Archive for the ‘Court ban on "rape"’ Category

My Camera Editorial Advisory Board comment published on Aug. 4, 2007 in response to the Camera’s question: Are judges justified in forbidding the use of the word “rape” in sexual-assault trials? A judge in Nebraska is the most recent to make this ruling?

Countless attorneys have approached those on the witness stand and asked them to tell the court in their own words what happened. This approach seems straightforward and productive in determining the best legal course. Then, along came Judge Jeffre Cheuvront in Lincoln, Neb., with his court-ordered language ban in a sexual assault case.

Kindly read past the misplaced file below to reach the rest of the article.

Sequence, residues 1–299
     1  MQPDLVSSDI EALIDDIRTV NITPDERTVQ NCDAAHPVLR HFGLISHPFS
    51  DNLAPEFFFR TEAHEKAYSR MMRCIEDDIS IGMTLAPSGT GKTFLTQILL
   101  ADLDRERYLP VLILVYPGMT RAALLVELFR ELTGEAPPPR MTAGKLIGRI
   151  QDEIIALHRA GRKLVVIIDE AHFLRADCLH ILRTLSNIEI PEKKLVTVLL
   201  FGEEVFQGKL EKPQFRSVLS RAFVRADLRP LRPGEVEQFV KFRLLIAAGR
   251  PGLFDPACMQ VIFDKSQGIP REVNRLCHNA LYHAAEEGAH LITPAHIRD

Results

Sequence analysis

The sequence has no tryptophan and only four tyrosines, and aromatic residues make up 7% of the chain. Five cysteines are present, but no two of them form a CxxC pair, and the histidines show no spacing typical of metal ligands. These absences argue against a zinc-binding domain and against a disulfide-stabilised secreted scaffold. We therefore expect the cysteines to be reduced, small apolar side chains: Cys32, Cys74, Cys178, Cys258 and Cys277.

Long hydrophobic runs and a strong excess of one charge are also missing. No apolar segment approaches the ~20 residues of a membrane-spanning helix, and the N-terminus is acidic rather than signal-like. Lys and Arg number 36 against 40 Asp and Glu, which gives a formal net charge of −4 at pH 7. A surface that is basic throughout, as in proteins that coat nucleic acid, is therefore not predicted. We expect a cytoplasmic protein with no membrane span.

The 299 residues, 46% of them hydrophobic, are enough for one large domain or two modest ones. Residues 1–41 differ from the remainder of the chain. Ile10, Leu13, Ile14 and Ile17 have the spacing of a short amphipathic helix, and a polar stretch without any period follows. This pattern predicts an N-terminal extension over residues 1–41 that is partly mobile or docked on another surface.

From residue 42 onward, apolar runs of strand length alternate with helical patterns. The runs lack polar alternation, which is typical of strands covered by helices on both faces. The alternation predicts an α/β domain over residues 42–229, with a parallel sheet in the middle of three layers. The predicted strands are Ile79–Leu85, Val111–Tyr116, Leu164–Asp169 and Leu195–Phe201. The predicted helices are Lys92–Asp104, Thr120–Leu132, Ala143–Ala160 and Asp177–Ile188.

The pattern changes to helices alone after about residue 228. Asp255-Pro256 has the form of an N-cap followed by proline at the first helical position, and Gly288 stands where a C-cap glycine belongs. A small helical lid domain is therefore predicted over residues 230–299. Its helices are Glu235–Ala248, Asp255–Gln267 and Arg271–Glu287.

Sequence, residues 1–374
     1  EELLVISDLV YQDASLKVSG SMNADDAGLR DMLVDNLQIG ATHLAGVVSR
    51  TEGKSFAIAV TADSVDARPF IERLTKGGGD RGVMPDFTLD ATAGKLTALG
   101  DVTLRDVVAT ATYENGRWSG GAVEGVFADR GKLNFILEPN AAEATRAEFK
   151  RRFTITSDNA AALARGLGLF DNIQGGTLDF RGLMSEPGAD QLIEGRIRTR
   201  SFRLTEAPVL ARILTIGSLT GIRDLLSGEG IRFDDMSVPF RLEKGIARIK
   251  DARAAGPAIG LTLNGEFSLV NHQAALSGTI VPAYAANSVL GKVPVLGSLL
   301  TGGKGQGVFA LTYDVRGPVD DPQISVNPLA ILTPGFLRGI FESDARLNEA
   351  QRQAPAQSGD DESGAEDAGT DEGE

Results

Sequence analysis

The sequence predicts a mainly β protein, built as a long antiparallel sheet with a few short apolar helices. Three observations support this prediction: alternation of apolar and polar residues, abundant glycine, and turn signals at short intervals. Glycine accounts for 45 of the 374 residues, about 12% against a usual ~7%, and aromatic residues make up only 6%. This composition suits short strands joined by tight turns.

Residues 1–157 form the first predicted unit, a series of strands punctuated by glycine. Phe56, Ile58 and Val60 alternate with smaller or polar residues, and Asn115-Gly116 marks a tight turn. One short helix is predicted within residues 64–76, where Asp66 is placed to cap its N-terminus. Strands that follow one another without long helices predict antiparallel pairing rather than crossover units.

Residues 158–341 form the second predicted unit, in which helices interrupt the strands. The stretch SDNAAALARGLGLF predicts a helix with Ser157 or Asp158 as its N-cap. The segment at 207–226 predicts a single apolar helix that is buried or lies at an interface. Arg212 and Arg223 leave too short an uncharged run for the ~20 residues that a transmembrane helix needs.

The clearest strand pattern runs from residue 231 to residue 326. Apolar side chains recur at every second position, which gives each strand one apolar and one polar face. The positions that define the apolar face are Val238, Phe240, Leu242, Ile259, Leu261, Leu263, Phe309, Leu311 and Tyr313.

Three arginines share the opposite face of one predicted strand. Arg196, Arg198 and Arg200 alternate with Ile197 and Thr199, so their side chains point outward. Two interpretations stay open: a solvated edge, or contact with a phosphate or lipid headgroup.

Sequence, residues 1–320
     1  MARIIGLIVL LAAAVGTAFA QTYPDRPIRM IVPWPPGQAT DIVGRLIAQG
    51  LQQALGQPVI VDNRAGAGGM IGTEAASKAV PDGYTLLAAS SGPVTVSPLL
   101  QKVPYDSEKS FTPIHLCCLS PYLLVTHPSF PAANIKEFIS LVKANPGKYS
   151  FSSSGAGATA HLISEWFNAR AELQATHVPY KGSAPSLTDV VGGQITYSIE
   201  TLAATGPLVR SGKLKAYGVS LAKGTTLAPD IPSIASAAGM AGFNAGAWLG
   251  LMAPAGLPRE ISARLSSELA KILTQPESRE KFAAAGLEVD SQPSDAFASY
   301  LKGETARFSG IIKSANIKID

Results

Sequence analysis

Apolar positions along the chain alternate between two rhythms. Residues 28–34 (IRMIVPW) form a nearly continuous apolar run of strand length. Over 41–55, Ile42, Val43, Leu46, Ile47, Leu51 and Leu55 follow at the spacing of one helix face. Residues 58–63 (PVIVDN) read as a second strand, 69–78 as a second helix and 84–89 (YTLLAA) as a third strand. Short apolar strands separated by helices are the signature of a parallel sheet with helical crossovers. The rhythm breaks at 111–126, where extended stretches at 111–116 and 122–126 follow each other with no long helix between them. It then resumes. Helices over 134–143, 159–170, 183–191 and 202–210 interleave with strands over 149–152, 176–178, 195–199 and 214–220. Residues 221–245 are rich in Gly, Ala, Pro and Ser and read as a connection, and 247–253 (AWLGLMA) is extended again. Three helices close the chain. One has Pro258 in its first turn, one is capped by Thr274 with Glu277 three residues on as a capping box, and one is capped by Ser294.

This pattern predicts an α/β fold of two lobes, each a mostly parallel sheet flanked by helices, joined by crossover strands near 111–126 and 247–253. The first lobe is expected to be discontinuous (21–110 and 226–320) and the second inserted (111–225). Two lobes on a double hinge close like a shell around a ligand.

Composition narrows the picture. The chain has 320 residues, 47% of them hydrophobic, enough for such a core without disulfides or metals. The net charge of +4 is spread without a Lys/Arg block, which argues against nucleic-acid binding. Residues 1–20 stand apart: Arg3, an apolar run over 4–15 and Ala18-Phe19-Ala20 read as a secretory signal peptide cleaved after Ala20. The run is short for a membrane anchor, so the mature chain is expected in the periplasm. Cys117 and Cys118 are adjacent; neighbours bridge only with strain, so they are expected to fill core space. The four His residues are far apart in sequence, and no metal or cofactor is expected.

No one, not even the woman claiming to be a victim of rape, could use the words rape, victim or assailant. Later, neither could any use the terms “sexual assault kit” and “sexual assault nurse.” I find Judge Cheuvront’s ban as silly as a mother asking her two dueling youngsters what happened and then forbidding them from using the phrase, “He hit me.” 

These words do not sufficiently prejudice carefully selected jurors as to prevent a fair trial any more than the words “hate crime” or “murder” would. Attorneys have the responsibility to weed out those who would deliver knee-jerk justice when certain words are used. Given the opportunity, I trust attorneys can do that. I also trust that numerous potential jurors can judge fairly without word bans.

*This title was not part of the original Camera publication.

Source: Daily Camera

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